How to Peel and Prep a Butternut Squash, Accident-Free
I've always loved butternut squash. It's slightly sweet, so versatile, and so, so delicious. It can be enjoyed in both sweet and savory dishes, and it's especially popular in the fall. But despite how beloved it is, a lot of people (like myself) are afraid of peeling and cutting one up. Much like a pumpkin, butternut squash can be tricky (and difficult) to work with. The knife can slip or get stuck mid-cut, which is never fun when prepping a meal. But since it'd be a bummer to miss out on this fall vegetable at home, I thought I'd help you out with instructions on how to prep it yourself (trust me, if I can do, anyone can!). Here's a step-by-step lesson so you can do it yourself and save money on those precut packages at the store.
Slice Off the Top and Bottom
To get started, you'll need a sturdy chef's knife, a Y-peeler, a sharp-edged spoon, a cutting board, and a strainer — oh, and a butternut squash, of course. Be sure to wash the butternut squash. Then begin by slicing off the top of the squash, where the stem stump will be. Create a flat surface by cutting off the bottom, as well.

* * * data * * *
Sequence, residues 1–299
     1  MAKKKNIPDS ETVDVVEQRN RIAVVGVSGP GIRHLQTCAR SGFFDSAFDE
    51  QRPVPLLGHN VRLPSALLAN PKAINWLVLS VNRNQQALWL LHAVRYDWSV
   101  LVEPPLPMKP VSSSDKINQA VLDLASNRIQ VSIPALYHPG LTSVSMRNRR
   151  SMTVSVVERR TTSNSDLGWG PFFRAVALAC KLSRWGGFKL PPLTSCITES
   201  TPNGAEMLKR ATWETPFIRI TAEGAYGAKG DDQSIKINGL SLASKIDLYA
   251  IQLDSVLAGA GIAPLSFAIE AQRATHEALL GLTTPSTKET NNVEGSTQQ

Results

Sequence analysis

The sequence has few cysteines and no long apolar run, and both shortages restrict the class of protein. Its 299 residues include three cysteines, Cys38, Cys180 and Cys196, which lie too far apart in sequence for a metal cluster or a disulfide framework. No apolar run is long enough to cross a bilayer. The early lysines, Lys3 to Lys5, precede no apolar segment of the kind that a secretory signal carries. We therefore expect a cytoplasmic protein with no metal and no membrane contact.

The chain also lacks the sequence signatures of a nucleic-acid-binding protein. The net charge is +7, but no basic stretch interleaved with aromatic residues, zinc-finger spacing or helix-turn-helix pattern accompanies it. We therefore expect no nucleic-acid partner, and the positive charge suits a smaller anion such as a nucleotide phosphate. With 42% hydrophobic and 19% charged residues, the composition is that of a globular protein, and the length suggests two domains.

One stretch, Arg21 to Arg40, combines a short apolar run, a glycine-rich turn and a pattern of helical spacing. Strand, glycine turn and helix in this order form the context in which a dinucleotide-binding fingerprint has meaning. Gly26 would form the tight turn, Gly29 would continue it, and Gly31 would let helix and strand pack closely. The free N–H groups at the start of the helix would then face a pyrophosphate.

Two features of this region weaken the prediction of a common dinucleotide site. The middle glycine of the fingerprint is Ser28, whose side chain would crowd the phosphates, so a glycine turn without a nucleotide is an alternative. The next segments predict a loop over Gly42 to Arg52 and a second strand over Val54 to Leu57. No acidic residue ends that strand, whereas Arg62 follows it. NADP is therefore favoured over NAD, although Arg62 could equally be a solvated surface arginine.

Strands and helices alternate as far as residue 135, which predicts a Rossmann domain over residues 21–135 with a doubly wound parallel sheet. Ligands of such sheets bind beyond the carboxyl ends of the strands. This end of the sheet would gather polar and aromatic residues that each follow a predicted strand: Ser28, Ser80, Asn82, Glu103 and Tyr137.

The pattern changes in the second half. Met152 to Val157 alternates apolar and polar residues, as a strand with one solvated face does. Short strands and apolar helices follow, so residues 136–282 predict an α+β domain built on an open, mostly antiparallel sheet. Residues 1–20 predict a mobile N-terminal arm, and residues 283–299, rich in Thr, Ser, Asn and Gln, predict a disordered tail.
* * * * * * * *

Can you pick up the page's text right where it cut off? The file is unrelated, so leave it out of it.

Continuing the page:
Split in Half Lengthwise
Set the butternut squash on its flat bottom, and then carefully split the squash in half lengthwise.
Peel the Butternut Squash
Peel the squash from top to bottom using the Y-peeler. Many people peel before cutting the squash in half, but I find it's easier to peel the squash when it lies flat on a large, stable surface.
Scoop Out the Seeds and Pulp
Use a spoon to scoop out the stringy pulp and the seeds. Set aside.
Clean Out Squash
After you've thoroughly scraped the inside of the squash, the center should be smooth, with no stringy pulp whatsoever.
Separate the Seeds From the Pulp
Wash the seeds in a strainer, separating them from as much of the stringy flesh as possible. For a tasty snack, roast the seeds by following the same process as you would to roast pumpkin seeds.
Cube the Butternut Squash
To cube the trickier rounded bottom of the squash, slice it into manageable half-moons, and then slice them at an angle for a rough cube.
Admire Your Butternut Squash
Your finished product should look like this. For a simple (and delicious) side dish, toss the cubed squash in olive oil and roast, or simmer into soup. I used mine to make a butternut squash and cheddar bread pudding!